Above you can see the eggs in the broken sink!!                 Above you can see the patient’s bed!! Next to the sink!! With the chicken seated on the eggs below!!

I am Dr. Etonu Joseph, Junior medical doctor from Uganda 29 years of age, I've been practicing for 2 years in a rural area in Uganda in a county called Kapelebyong county. I Started my work when I was 26 years old in the facility. Iam the only doctor there covering the health of 89,000 people. Being a very rural area very few doctors attempted to work there but so far i am the one who has lasted the longest in the facility..The people I serve are the humble indigenous rural people of Karamoja and also Kapelebyong county..I graduated in 2012 at the University of St. Petersburg Pavlov,the Russian Federation. But i started working in this rural area in late 2014. I ride a motorcycle to work because the roads are soo bad in the rains that sometimes it rains on me! BUT I LOVE MY WORK and I have learnt a lot from the people I serve.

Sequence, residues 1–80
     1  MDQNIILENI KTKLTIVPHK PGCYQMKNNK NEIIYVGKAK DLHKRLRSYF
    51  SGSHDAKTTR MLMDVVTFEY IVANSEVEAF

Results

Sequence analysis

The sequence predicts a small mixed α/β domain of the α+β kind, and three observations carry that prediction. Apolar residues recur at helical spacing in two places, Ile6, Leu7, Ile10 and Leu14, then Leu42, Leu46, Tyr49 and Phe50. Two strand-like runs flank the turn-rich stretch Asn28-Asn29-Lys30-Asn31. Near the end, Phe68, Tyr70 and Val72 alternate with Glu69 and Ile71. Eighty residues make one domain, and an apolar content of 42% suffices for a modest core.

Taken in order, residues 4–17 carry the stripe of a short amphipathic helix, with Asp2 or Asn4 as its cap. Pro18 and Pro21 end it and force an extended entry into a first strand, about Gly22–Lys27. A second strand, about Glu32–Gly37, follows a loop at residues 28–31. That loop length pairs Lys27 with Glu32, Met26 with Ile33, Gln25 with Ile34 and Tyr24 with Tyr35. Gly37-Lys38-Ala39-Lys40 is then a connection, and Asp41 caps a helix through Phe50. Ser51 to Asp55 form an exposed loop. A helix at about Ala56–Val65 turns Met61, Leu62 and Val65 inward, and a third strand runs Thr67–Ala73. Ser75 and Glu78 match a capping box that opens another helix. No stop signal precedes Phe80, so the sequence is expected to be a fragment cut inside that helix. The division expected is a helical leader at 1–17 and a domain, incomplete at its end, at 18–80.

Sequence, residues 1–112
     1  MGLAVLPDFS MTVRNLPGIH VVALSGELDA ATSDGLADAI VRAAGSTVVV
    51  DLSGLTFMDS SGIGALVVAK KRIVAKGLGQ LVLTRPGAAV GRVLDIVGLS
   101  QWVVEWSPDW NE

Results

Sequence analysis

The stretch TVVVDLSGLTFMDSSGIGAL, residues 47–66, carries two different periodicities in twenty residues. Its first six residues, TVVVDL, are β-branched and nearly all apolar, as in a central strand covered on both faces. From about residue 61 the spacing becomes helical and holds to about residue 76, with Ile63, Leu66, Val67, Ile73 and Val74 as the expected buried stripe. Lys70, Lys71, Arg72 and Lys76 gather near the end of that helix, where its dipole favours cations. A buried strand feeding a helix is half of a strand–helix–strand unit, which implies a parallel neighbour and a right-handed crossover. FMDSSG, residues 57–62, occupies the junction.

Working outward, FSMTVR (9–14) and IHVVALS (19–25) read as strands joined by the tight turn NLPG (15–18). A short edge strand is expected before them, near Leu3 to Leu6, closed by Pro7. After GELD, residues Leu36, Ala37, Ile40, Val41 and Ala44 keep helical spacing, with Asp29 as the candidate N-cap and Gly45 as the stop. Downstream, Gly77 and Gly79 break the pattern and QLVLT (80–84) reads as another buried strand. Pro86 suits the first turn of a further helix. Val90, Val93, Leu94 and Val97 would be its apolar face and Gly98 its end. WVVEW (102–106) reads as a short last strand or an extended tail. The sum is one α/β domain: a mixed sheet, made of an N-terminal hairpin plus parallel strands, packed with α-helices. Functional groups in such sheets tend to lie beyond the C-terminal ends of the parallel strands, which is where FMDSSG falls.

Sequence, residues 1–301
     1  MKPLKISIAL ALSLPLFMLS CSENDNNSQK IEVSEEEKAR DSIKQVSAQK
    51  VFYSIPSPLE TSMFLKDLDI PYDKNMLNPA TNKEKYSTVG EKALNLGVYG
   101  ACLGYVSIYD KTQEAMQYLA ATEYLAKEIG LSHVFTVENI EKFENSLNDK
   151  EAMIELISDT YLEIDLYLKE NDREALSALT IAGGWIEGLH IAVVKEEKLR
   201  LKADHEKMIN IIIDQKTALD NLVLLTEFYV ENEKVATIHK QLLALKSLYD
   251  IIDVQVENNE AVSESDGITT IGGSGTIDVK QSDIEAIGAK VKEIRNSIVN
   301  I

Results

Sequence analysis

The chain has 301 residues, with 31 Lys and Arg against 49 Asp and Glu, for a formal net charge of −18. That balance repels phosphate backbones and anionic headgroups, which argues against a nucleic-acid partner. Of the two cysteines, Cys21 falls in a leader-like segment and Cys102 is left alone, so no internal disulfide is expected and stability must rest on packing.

By. Dr. Etonu Joseph

As a public health specialist, my work continues to improve the lives of the rural population. We utilize radio, community distributors and edutainment to health educate the masses and engage in advocacy for better health systems.

However, our efforts are still a drop in the ocean and the rural health system is faced with a number of challenges including; inadequate supply of drugs, fewer staffs, brain drainage, drug stockouts and long distances to the health centers. In addition, most specialists aren’t available in the rural areas since they aren’t well facilitated thus the population in need of their services resorts to crude methods.

I believe that good health is wealth and prevention is better than cure. This implies that as a nation, we should invest a lot in the health of our people and borrow best practices to improve our system. The health workers should not discriminate their patients or clients while offering health services to all the people.

Communities should be empowered to realize a community-owned and based healthcare insurance.

This will ensure that people don’t suffer while trying to make ends meet when desperately needing health services.


Written by,

Ssesanga Ernest